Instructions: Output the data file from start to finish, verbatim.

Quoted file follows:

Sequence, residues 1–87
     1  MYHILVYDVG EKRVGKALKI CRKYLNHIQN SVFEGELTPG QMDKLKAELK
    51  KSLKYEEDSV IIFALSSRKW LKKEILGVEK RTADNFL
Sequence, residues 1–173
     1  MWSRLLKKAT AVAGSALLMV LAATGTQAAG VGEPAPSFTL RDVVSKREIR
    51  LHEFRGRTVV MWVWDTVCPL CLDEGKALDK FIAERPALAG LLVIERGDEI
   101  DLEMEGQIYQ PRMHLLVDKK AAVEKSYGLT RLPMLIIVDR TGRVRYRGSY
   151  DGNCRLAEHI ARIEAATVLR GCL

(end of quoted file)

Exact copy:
Sequence, residues 1–87
     1  MYHILVYDVG EKRVGKALKI CRKYLNHIQN SVFEGELTPG QMDKLKAELK
    51  KSLKYEEDSV IIFALSSRKW LKKEILGVEK RTADNFL
Sequence, residues 1–173
     1  MWSRLLKKAT AVAGSALLMV LAATGTQAAG VGEPAPSFTL RDVVSKREIR
    51  LHEFRGRTVV MWVWDTVCPL CLDEGKALDK FIAERPALAG LLVIERGDEI
   101  DLEMEGQIYQ PRMHLLVDKK AAVEKSYGLT RLPMLIIVDR TGRVRYRGSY
   151  DGNCRLAEHI ARIEAATVLR GCL